While illuminated signs that attach to the tops of vehicles isn’t exactly groundbreaking technology, Uber obviously wants its fleet to stand out from pizza drivers and other competition. Its founder chose Yves Behar to create the model, an award-winning designer who has done work for major tech companies such as Samsung, GE, Kodak, and many others. Uber’s attention to detail showcases their commitment to quality, safety, and customer satisfaction.


How Technology is Making Uber Safer

For some commuters, Uber is the best thing that’s ever happened to them. If you don’t drive often, it’s easy to understand why someone might want to avoid a car payment. However, rideshare companies are not regulated the way taxi companies are and these concerns have prompted the company to make some changes. Since Uber is an app-based service, the driver’s and passenger’s phones are central to their safety efforts.

Drivers in 11 different cities will soon get to test some new safety features that revolve around what Uber refers to as the “four D’s.” These include driving while drunk, drugged, drowsy or distracted.

First of all, every ride is tracked from start to finish. This is accomplished via sensors on the phone that provide GPS, acceleration and gyroscopic data. Not only does this data make it harder for a driver to get lost, but it will also be used to remind him to put his phone back in the mount if movement is detected.

If a driver has been driving too long, a reminder will be sent to the driver to get some sleep. As of early 2016, Uber drivers are not allowed to use the app for more than 12 hours at a time. Previously, some drivers were known to work for more than 16 hours.

Daily reports provide drivers with information that can help them improve their driving, such as data showing excessive braking or acceleration patterns. The app even includes a speed display to make sure they know how fast they’re going at any given time.

Uber has also released new data to show what their impact has been on drunk driving. In many cities, they have become the leading transportation alternative for people who have had too much to drink. Studies show that drunk driving has declined significantly in cities where the company now operates.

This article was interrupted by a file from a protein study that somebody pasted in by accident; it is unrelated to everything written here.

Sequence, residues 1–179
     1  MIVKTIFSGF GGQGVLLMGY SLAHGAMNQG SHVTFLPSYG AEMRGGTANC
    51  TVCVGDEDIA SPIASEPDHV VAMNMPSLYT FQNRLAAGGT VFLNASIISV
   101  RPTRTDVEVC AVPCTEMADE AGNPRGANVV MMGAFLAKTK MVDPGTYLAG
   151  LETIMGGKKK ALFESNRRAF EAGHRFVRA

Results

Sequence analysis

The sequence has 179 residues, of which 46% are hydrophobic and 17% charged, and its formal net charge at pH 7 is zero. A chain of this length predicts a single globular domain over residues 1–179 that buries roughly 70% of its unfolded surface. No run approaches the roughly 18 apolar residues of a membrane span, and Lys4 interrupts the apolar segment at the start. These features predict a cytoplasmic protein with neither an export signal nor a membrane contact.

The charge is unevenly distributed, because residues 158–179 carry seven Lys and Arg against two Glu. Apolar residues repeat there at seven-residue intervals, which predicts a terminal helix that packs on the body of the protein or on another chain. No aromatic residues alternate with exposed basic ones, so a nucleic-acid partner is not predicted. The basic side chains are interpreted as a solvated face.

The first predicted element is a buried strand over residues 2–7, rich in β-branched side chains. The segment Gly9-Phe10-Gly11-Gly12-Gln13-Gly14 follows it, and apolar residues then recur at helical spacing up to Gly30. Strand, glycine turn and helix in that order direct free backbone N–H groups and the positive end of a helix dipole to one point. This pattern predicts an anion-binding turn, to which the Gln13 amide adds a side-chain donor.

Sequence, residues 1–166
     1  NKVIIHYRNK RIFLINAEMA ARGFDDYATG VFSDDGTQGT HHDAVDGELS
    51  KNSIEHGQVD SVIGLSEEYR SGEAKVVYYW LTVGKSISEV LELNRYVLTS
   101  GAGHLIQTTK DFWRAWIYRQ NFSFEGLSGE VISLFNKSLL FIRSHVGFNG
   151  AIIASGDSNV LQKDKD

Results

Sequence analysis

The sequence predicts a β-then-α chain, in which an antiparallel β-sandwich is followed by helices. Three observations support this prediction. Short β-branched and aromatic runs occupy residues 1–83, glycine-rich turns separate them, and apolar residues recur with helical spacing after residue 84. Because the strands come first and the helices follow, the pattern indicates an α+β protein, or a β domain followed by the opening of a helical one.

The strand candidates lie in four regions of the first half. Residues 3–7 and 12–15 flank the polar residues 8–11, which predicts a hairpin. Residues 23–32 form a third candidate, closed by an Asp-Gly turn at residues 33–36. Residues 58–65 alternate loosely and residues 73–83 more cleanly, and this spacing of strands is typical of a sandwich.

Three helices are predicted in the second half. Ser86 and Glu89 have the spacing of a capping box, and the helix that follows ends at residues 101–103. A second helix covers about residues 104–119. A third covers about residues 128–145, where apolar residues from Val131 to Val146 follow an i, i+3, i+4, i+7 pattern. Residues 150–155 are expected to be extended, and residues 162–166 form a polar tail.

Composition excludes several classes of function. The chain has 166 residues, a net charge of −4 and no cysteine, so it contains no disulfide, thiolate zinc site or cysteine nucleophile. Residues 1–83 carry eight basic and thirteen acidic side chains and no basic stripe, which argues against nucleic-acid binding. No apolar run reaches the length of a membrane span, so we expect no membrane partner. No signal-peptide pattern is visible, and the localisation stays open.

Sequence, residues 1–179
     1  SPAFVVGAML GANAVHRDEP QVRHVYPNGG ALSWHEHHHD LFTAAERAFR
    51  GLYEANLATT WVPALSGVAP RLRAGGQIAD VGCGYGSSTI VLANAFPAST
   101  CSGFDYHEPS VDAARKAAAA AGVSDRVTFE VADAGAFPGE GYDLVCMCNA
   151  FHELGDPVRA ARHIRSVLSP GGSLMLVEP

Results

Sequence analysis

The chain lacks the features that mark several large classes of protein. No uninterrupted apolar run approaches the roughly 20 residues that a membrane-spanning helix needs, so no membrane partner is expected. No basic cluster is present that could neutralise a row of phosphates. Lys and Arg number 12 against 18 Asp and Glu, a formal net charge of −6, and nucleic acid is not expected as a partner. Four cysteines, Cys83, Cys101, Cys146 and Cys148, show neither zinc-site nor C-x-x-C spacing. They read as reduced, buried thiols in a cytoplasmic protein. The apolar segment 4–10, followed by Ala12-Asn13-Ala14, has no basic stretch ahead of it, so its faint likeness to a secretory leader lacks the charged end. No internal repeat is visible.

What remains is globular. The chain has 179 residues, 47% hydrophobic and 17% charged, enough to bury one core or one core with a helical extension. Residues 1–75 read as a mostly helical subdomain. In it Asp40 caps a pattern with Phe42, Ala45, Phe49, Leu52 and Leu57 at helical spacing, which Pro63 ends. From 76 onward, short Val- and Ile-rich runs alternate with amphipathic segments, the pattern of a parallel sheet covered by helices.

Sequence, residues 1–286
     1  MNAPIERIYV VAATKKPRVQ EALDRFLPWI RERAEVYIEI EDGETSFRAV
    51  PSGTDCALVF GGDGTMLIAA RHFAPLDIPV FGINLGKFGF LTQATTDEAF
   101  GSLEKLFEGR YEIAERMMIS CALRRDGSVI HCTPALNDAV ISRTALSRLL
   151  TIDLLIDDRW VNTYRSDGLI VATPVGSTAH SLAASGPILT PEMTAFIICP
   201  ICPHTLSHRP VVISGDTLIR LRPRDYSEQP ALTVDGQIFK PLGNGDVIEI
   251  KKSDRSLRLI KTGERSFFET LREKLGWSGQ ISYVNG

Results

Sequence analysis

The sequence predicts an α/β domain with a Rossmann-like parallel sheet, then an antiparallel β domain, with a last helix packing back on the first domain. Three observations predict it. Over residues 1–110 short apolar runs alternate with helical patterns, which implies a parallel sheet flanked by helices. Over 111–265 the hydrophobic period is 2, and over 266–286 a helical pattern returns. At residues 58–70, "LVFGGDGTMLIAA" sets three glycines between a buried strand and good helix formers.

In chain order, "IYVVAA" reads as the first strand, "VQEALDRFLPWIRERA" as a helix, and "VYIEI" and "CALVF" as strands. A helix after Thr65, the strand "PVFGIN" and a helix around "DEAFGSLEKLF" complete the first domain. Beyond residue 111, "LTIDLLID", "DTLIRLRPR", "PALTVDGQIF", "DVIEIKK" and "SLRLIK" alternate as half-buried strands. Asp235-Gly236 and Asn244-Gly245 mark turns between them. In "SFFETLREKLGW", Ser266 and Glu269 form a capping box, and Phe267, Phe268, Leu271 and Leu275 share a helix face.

Although this is a pilot program, the company’s goal is to make these features available in every city where they operate. When combined with other popular features such as their ratings system for both riders and drivers, Uber hopes to create a safer experience for everyone on the road. Thanks to modern technology, they’re setting a standard that was unheard of just a few short years ago.

Facebook Group Instead of Uber in Austin

A month ago today, Uber and Lyft paused their services in Austin, Texas for politically motivated reasons. This created a transportation void in the city as nearly a million residents around the area relied on those two companies. There was much speculation as to what solution would come along.

Initially, there were a few apps that sprung up to attempt to fill in the void left behind, but that only lasted so long. Eventually, something unexpected happened when an unregulated Facebook group evolved that was focused on providing the same services Uber and Lyft did, but in a peer-to-peer fashion, with no middle man.

The group is located here, and is has amassed over 30,000 members. More interestingly, though, is how the process works. People looking for a ride post a request with information such as a pickup location and destination and a desired time of transport. Almost instantaneously, drivers comment on the post with an ETA, estimated price, and contact phone number. Once a ride is confirmed, the initial post requesting a ride is removed, allowing future requests to settle at the top of the page.

There are however, some precautions being taken within the community. Drivers have been starting to advertise their services with pictures of their car, themselves, and an Uber or Lyft account, ensuring the safety of passengers and legitimacy of the operation.

While this production operates purely peer-to-peer, the group was initially started by an up-and-coming app called Arcade City.